As for me, just because I am not eating eggs doesn’t mean I was healthy. Instead, I went all in for the dry aged beef burger with béarnaise cheese and spinach with a side of bacon. In lieu of a traditional bun, the flavorful juicy patty was served in between two pieces of toasted buttery bread. This burger definitely earned its spot on Eater’s best new burger list.
When the bacon arrived, the choice was only too obvious. There was no question as to where the bacon will be going. Now if only I had been a little more clever, I would have ordered the burger with a sunny side up egg inside. I am sure it will only be a matter of when, not if, before they start to offer that as a choice for weekend brunchers.
Montmartre | 158 Eighth Avenue, New York, NY 10011 | http://montmartrenyc.com
Looking for Mexican in Chelsea or Flatiron? There aren’t that many choices so the addition of Cafe El Presidente was a welcoming one. The casual restaurant is set on a block just west of Madison Square Park and just north of Eataly. It’s one of those blocks that I rarely find myself walking through until now. The restaurant is cavernous and rather loud when fully occupied on a Tuesday night. The best chances of hearing your companion is to find a seat by the large windows in the front, away from the lively dining area.
The drinks here are as predictably Mexican themed, with variations on pina cola and paloma. Watermelon agua frescas or a horchata (spiked or not) are never a wrong way to start the meal, especially in the summer.
And no one will complain about an order of freshly made guacamole served with house made totopos. Similar to tortilla chips, the totopos are crispier and just a touch sturdier which makes for better dipping.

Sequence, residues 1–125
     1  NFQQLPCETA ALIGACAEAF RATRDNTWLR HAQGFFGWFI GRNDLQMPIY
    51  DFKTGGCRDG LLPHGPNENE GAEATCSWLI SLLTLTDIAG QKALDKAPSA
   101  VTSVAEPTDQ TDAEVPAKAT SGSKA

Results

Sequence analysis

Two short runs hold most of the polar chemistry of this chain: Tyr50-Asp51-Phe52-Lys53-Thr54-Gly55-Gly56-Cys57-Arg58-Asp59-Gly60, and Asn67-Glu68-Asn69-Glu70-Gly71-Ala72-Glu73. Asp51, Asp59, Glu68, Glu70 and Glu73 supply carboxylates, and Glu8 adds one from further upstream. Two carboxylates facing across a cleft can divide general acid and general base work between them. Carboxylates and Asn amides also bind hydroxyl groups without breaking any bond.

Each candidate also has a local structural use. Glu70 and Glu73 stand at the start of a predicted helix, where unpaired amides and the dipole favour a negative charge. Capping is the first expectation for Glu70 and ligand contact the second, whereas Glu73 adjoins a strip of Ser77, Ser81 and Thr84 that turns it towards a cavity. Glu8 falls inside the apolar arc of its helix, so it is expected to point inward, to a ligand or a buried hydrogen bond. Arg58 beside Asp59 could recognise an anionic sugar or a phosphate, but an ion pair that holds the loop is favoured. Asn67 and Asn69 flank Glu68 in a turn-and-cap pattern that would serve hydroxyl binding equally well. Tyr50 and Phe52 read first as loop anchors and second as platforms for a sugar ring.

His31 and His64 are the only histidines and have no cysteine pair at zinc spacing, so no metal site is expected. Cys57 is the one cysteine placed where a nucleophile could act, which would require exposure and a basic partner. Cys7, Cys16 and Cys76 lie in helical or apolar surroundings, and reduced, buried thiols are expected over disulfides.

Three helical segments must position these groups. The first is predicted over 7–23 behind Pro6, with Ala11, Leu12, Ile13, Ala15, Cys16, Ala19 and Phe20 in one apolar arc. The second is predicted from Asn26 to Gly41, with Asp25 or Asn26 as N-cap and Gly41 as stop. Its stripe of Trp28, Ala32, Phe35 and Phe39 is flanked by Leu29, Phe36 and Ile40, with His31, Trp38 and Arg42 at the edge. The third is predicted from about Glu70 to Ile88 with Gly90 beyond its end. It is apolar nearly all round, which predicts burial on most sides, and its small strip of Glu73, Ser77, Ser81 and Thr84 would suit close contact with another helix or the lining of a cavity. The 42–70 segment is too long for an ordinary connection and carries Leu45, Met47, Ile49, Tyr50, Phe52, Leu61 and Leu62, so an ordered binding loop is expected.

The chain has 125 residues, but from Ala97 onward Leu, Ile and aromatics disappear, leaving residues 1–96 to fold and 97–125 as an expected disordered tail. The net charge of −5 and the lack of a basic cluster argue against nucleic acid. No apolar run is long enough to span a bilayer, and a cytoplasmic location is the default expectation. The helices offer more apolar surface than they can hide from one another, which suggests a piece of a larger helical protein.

For those who love Mexican corn, Cafe El Presidente makes the experience even better by serving the smoky buttery corn off the cob. Tossed with just the right amount of chipotle mayo and fine dusting of cotija cheese, all this needed was a squeeze of lime and watch them disappear.
The tacos are separated into two sections, Tacos del Presidente and Tacos Especiales. The Tacos del Presidente are served on freshly made corn tortillas and come four or five to an order. The Seniorita Carnitas comes with generous amounts of Berkshire pork, slow roasted until they were tender and juicy.
The El Pastor de Madison D.F. features the Bershire Pork again, this time spit roasted and sliced thinly, topped with pineapple, onion and cilantro.
The Tacos Especiales are more adventurous takes on tacos and are served individually. For those who are vegetarian, or even those who aren’t, the swiss chard and poblano peppers taco packed a surprising punch of flavor.
The quesadilla maize azul is also another great vegetarian option. Blue corn tortillas are stuffed with generous portions of chihuahua cheese, charred corn and poblano peppers. The resulting quesadilla isn’t quite what we are used to but the flavors speak volumes.